Power, sex and data: A weekend of issues in the Trump presidency

Ex-employee blows the whistle on data firm
Ex-employee blows the whistle on data firm

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Ex-employee blows the whistle on data firm 01:38

CNN analyst Juliette Kayyem is the author of the best-seller "Security Mom: My Life Protecting the Home and Homeland." She is a professor at Harvard's Kennedy School, a former assistant secretary of the Department of Homeland Security in the Obama administration and CEO of Zemcar. The opinions expressed in this commentary are hers.

(CNN)We were lulled into submission early Friday night. All week President Donald Trump had raised the possibility there would be major personnel changes in the White House: Secretary of State Rex Tillerson had already been fired by tweet earlier in the week, but the rumors -- egged on by Trump himself -- were swirling that there would be other "You're Fireds."

By close of business, it seemed the weekend would begin with a whimper.
In the course of a few hours, that all changed. Three stories broke that upended the Trump presidency and America's sense of stability. First, attorneys for the President himself joined an effort to stop porn star Stormy Daniels from exposing her alleged affair with Trump and sought $20 million in potential damages. Second, the attorney general fired former Deputy FBI Director Andrew McCabe less than two days before his retirement, arguing that based on the findings of an internal FBI investigation he had lied about communications with the media -- an allegation McCabe denies. And, third, The New York Times and the Observer of London posted an in-depth analysis about how Cambridge Analytica, a firm with ties to Trump's campaign, utilized data from 50 million Facebook users to target voters.
In short, the weekend can be summarized by power, sex and data. But they are not distinct stories. All three fit into a coherent narrative, united by a single theme: The President benefits from systems that, at best, twist the rules, and he does not take kindly to efforts to expose that fact. He seeks to gain the glory of someone else's bad dealings -- saying there was no Trump campaign collusion with Russia, putting the onus of silencing Daniels on his lawyer Michael Cohen or passively benefiting from Cambridge Analytica's efforts.
    And while all the political attention is on the McCabe firing (and the Mueller threats), and all the gossip is about the Stormy Daniels saga, it is actually the Facebook scandal that may be the biggest story. Simply put, Cambridge Analytica, which worked with the Trump campaign, is now known to have used the data of millions of Facebook users to target voters for fake news and Trump-related propaganda.
    And though Cambridge Analytica has long denied any connection to the Russians, New York Times reporting suggests otherwise. Lukoil, Russia's oil giant, had contact with Cambridge Analytica in 2014 and 2015, according to company documents and interviews. More specifically, the oil company was reportedly interested in how data could be used to reach the American electorate, according to two former employees. Lukoil denies these talks were "political in nature."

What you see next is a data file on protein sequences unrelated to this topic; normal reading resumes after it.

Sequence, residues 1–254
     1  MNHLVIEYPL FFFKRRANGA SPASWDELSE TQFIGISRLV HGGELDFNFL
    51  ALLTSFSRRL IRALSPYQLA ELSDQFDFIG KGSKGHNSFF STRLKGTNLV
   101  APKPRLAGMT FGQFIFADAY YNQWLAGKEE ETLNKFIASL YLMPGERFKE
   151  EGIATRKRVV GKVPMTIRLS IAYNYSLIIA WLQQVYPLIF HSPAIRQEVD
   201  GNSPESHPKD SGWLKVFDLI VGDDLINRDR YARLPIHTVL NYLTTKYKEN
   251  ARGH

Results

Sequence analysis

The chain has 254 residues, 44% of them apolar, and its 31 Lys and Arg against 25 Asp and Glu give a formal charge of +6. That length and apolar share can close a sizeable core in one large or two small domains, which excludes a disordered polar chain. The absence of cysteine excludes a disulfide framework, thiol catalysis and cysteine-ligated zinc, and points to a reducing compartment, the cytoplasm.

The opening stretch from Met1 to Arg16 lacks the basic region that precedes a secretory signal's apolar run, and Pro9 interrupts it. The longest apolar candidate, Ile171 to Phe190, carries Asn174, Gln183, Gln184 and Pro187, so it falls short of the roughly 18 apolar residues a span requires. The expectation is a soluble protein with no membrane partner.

Cambridge Analytica has now been booted from the platform, a face-saving move by Facebook in light of the damning stories, but there is a growing call in Europe and the United States for Facebook to explain how it allowed this to happen.
    And to make matters worse, the Wall Street Journal has reported that Cambridge Analytica has become the focus of information inquiries by Robert Mueller. Mueller's indictments against Russians and their involvement in the 2016 election mentioned the manipulation of Facebook a dozen times. Mueller's data request is now reportedly focused on how and whether Cambridge Analytica gamed the system and what, if any, ties to Russia and the Trump campaign it had at that point.
    View these three stories across a continuum. The Trump campaign hires a company that used data to get information to target voters; as Trump locked in the GOP nomination and he headed toward Election Day, Trump's lawyer felt he needed to silence a porn star who might expose Trump's alleged affair; and investigations about the campaign led Trump to try to intimidate the FBI and suggest the firing of a senior official investigating his conduct.
    It is fair to ask at this point whether what motivates the President has less to do with our national interest and more to do with his legal defense strategies. Why? Because if Trump is willing to have a scorched earth attitude to keep secrets -- what does Daniels know, what does McCabe know, what does Cambridge Analytica know -- then he is susceptible to manipulation by those who may not have America's best interests in mind.
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    And it is why those who have spent careers defending America seemed to reach a breaking point this weekend. Former Director of the CIA John Brennan called Trump a "disgraced demagogue." And four star Gen. Barry McCaffrey went straight to the point: "Reluctantly I have concluded that the President is a serious threat to US national security. ... It is apparent that he is for some unknown reasons under the sway of Mr. Putin."
    It's a shocking statement by McCaffrey, largely because it was uttered by someone who isn't prone to conspiracy theories.
    McCabe and Daniels have a pretty sophisticated media and legal strategy, and so their stories will continue to get attention. But keep focused on Cambridge Analytica, as the news stories provide an exhaustive account of tactics used and data manipulated to help Trump become President. And Trump's behavior since Friday night suggests he will use every tool imaginable to remain so.